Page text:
New Automated Process Dissects Inner Mechanics of Neurons in the Brain
May 9, 2012 7:30 AM
comment(s) - last by
Neuromatic Devices research team
(Source: Georgia Tech)
The new automated process is faster than traditional method while delivering comparable results
MIT and Georgia Institute of Technology researchers have created a new automated method that pinpoints certain characteristics of
neurons in the brain
The research was conducted by Ed Boyden, associate professor of biological engineering and brain and cognitive sciences at MIT; Craig Forest, an assistant professor in the George W. Woodruff School of Mechanical Engineering at Georgia Tech, and Suhasa Kodandaramaiah, a graduate student. The three developed the new automated process for dissecting the inner mechanics of neurons in the brain.
The researchers based their new automated technique off of a 30-year-old method called whole-cell patch clamping. Whole-cell patch clamping involved a hollow glass pipette, which touches the cell membrane of a neuron. Upon contact the pipette opens up a small pore in the membrane. Then electrical activity within the cell is recorded.
The problem with traditional whole-cell patch clamping is that it isn't an easy process. It takes researchers months to learn. While Kodandaramaiah was learning the difficult process, he said he was thinking of a process where robots take over the painstaking method for a more accurate and faster way of learning about neurons.
To automate the process, the three researchers built a robotic arm capable of directing the glass pipette
into a mouse brain
. The system works by using the robotic arm to move the pipette through cells in the brain as it measures electrical impedance, which is a measure of how challenging it is for electricity to flow out of the pipette. When there are no cells near the pipette, electricity flows and impedance is low, but when the pipette encounters a cell, electricity cannot flow and and imedance increases.
The pipette takes two-micrometer steps and measures impedance 10 times per second. When it encounters a cell, it stops itself from poking the membrane. However, it does use suction to form a seal with the membrane. It then uses an electrode to penetrate the membrane, and begins recording the cell's internal electrical activity.
According to the research team, the automated process is capable of detecting cells with 90 percent accuracy, and can establish a connection with these cells 40 percent of the time.
This process can also be used to identify the shape of a cell by injecting dyes. The researchers are also looking to use the process with a larger number of electrodes so that they can record activity from several neurons at once.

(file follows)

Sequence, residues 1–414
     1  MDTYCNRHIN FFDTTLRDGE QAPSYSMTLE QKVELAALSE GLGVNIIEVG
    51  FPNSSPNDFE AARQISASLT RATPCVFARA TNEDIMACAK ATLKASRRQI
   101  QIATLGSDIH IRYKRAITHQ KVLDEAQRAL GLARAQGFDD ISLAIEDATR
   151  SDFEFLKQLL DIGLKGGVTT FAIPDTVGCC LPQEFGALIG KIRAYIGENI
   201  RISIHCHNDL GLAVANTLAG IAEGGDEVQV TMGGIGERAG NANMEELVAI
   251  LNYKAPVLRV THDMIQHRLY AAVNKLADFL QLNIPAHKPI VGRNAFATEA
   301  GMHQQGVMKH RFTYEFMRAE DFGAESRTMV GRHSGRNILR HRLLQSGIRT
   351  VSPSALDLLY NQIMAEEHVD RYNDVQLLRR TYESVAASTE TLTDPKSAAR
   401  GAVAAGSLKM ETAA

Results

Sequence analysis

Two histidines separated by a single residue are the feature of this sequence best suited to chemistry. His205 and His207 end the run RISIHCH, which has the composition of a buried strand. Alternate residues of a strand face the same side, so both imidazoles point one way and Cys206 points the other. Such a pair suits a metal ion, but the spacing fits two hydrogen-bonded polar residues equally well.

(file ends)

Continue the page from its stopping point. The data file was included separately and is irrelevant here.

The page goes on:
The next step is to commercialize the device. The three researchers are already working on this by creating their own startup company called Neuromatic Devices.
"Our team has been interdisciplinary from the beginning, and this has enabled us to bring the principles of precision machine design to bear upon the study of the living brain," said Forest. "If you really want to know what a neuron is, you can look at the shape, and you can look at how it fires. Then if you pull out the genetic information, you can really know what's going on. Now you know everything. That's
the whole picture
This automated process could potentially help those with
like schizophrenia, autism and Parkinson's disease because the technique could allow researchers to distinguish between abnormal and normal cells.
This article is over a month old, voting and posting comments is disabled
RE: Fascinatingly invasive!
5/10/2012 8:14:23 PM
I don't think it's
invasive. But trying to cure cells one by one, I don't know ...
"If you look at the last five years, if you look at what major innovations have occurred in computing technology, every single one of them came from AMD. Not a single innovation came from Intel." -- AMD CEO Hector Ruiz in 2007
Pittsburgh Researchers Study Memory Formation Through Neural Networks
May 31, 2011, 12:21 PM
Researchers Map Neural Connections in Mouse Brain
April 11, 2011, 10:01 AM
New Compound Could Protect Brain Cells, Fight Neurodegenerative Diseases
December 8, 2010, 10:09 AM
SpaceX Falcon 9's Seventh Supply Mission to ISS Ends w/ Fiery Stage 1 Explosion
June 28, 2015, 1:10 PM
Cool Science Video: Glowing Millipede Prowls the Nevada Desert
May 18, 2015, 12:00 PM
Newly Discovered Costa Rican Glass Frog is Kermit's Doppelgänger
April 22, 2015, 11:26 AM
Researchers Hope to Find "Exotic" Lifeforms Inside Crater of Dinosaur Killing Meteor
April 14, 2015, 8:47 PM
Mathematician's Sociological Formulation May Explain the "Hipster Paradox"
April 14, 2015, 1:13 PM
Cool Science Video: This is What a McDonald's Burger Looks Like in Your Stomach
April 7, 2015, 1:43 PM
Most Popular Articles
Windows XP, Vista Users Can Get Free Windows 10 Upgrade Thanks to Loophole
June 23, 2015, 2:23 PM
U.S. Navy Spends $9M USD to Cling to Windows XP, Office 2003
June 24, 2015, 2:03 PM
Under the Hood: Digging Into Sony's New CUH-1200 PS4, 1 TB Ultimate Player Ed.
June 23, 2015, 10:33 AM
SanDisk's 200GB microSDXC Card Turns Smartphones Into Enviable PMPs
June 26, 2015, 2:02 PM
Netflix Announces 7-to-1 Stock Split, Eyes Explosive Overseas Growth
June 23, 2015, 8:18 PM
Latest Blog Posts
Sceptre Airs 27", 120 Hz. 1080p Monitor/HDTV w/ 5 ms Response Time for $220
Dec 3, 2014, 10:32 PM
Costco Gives Employees Thanksgiving Off; Wal-Mart Leads "Black Thursday" Charge
Oct 29, 2014, 9:57 PM
"Bear Selfies" Fad Could Turn Deadly, Warn Nevada Wildlife Officials
Oct 28, 2014, 12:00 PM
The Surface Mini That Was Never Released Gets "Hands On" Treatment
Sep 26, 2014, 8:22 AM
ISIS Imposes Ban on Teaching Evolution in Iraq
Sep 17, 2014, 5:22 PM
More Blog Posts
Copyright 2015 DailyTech LLC. -
Terms, Conditions & Privacy Information